Tuesday, April 29, 2008

The 20 metre Rule

In the past I've posted lots of thoughts on functional training, including some research on appropriate training for football.

Dr Craig Duncan is currently the director of The Academy of Athletic Development and Head of the Sport and Fitness department at the South Western Sydney Institute of TAFE.

He completed his PhD in Sport and Exercise Science at The University of Sydney and has numerous published papers on the effect of exercise on the human body. Craig has worked with a number of sporting organisation including NSW Institute of Sport, Football Federation Australia, Sydney Olympic Football Club and International Goalkeeping Acadamy. Craig's special interest is in Total Athletic Condioning and applying a systematic approach to training.
Craig comments occasionally on this blog - which I find quite humbling. He is a proper scientist and I am an amateur in all this. I find diet and training fascinating, but my degrees are in other disciplines.

Anyway, Craig has a blog with some interesting and stimulating ideas. I was really impressed with his latest post:

Team Sports and the 20metre rule

I believe that the maximum distance a multi sprint sport athlete needs to run in one direction during conditioning training should be limited to 20metres. Think about it for a while and try it as I have tried to follow my 20metre rule for the majority of the training year. In the analysis of soccer we can see that it is rare a player runs more than 20etres in one direction so I ask why should we do anything differently in training? We want to move away from players cruising during the game and move towards attacking the space at pace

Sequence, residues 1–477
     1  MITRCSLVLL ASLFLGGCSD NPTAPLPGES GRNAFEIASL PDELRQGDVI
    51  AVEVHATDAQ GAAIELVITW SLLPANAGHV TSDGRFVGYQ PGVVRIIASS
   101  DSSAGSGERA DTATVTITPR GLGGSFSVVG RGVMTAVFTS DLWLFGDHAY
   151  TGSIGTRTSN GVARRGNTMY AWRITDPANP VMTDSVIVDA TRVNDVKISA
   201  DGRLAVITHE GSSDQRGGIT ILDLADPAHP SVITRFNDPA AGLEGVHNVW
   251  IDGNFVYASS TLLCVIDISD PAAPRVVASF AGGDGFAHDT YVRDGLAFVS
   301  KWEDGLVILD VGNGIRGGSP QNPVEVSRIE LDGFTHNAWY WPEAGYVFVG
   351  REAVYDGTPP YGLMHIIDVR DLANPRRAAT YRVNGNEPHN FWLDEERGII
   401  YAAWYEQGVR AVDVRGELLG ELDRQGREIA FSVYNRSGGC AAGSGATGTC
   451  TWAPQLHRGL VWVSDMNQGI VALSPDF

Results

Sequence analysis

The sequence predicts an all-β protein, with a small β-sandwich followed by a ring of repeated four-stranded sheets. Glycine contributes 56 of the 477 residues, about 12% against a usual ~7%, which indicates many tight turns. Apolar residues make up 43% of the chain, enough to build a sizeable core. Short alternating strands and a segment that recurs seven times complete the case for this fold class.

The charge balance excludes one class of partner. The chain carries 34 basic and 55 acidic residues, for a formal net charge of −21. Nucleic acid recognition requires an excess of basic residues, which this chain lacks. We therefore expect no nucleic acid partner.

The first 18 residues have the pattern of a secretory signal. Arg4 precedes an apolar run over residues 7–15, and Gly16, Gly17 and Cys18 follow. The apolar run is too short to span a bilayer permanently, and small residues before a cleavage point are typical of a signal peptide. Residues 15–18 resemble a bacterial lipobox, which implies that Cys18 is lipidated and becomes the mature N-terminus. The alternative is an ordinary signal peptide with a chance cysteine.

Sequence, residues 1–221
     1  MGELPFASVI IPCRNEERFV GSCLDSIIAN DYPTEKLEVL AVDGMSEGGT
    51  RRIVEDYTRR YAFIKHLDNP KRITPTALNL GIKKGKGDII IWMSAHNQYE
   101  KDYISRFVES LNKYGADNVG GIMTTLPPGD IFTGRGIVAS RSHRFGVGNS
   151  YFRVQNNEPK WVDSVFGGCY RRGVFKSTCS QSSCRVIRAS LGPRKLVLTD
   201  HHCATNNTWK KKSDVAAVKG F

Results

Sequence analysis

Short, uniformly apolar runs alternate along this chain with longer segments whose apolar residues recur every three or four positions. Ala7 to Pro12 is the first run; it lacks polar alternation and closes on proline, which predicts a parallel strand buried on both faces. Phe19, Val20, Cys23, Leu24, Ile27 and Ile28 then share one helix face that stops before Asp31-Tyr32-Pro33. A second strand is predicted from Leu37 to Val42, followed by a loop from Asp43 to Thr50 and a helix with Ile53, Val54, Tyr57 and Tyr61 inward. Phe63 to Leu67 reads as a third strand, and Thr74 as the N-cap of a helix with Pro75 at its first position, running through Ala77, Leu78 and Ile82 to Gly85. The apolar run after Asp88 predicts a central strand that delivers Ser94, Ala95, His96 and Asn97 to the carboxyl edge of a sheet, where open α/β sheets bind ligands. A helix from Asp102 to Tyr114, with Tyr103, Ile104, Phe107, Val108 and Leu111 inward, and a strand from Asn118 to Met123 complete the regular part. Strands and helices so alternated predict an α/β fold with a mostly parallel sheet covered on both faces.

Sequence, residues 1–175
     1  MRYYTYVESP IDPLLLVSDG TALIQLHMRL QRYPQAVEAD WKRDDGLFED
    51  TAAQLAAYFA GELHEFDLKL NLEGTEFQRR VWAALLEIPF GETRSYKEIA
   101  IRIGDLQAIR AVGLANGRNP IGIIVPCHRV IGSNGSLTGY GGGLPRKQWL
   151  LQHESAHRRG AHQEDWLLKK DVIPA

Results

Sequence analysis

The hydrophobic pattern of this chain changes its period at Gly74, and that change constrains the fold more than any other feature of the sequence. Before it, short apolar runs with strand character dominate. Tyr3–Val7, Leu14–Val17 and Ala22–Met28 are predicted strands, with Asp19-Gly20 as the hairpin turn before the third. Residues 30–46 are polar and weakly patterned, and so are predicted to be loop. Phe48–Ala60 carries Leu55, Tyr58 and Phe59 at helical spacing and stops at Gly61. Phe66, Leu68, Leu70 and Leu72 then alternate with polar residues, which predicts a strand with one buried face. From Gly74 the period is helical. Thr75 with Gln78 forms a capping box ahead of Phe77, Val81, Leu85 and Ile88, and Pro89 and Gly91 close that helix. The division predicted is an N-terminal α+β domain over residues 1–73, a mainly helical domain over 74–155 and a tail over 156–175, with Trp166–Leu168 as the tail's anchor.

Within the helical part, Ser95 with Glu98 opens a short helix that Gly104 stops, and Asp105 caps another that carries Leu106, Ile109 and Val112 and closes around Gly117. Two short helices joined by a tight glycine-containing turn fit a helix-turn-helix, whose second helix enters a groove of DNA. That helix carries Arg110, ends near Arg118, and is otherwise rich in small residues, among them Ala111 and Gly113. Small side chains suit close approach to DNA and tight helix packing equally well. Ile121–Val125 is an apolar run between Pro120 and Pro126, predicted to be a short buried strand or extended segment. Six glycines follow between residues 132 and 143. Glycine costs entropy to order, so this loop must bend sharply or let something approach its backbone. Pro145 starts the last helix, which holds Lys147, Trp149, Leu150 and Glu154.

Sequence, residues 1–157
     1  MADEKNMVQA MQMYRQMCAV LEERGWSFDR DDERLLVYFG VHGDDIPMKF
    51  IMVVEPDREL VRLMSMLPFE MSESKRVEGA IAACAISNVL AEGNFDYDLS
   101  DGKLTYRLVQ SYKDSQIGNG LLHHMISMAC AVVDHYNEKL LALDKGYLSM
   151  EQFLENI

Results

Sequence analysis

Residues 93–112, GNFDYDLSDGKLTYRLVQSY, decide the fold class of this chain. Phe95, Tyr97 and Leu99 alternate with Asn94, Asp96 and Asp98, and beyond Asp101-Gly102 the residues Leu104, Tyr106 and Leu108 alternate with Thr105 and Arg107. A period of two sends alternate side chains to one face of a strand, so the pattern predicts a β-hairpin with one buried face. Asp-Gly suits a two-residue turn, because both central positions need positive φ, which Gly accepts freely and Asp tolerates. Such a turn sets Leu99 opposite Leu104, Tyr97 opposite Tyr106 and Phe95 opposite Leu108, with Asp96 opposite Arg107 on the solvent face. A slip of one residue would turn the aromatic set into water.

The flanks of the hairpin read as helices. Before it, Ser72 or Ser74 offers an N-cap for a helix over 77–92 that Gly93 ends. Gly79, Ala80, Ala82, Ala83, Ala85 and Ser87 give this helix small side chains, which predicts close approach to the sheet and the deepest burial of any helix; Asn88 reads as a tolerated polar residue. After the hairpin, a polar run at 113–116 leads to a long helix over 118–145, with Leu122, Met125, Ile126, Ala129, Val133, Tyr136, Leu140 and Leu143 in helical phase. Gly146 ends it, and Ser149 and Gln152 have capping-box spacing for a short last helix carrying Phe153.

Check out his stuff


Anonymous said...

I find this quite interesting as I am a qualified soccer coach. The Football Association of Ireland has been stating that the most players run is 20 meters at a time for the last number of years on their courses.

However, there are always exceptions to the rule though as I have a couple of players on my team that would run the length of the pitch to win a ball.

Dr Craig S. Duncan said...

Hi chris thanks very much for taking the interest in this post and like Ive said before you do an outstanding job and your blog is the first i read everyday. Re the comment by anonymous I do agree that there will be players who run box to box but mostly the distance is 20metres at 100% and by training over this distance with repeated effort it will still make them conditioned for the longer sprint. Try it and see how you go as I have experimented with a number of methods and my testing data demonstates that the shorter distance stuff is very effective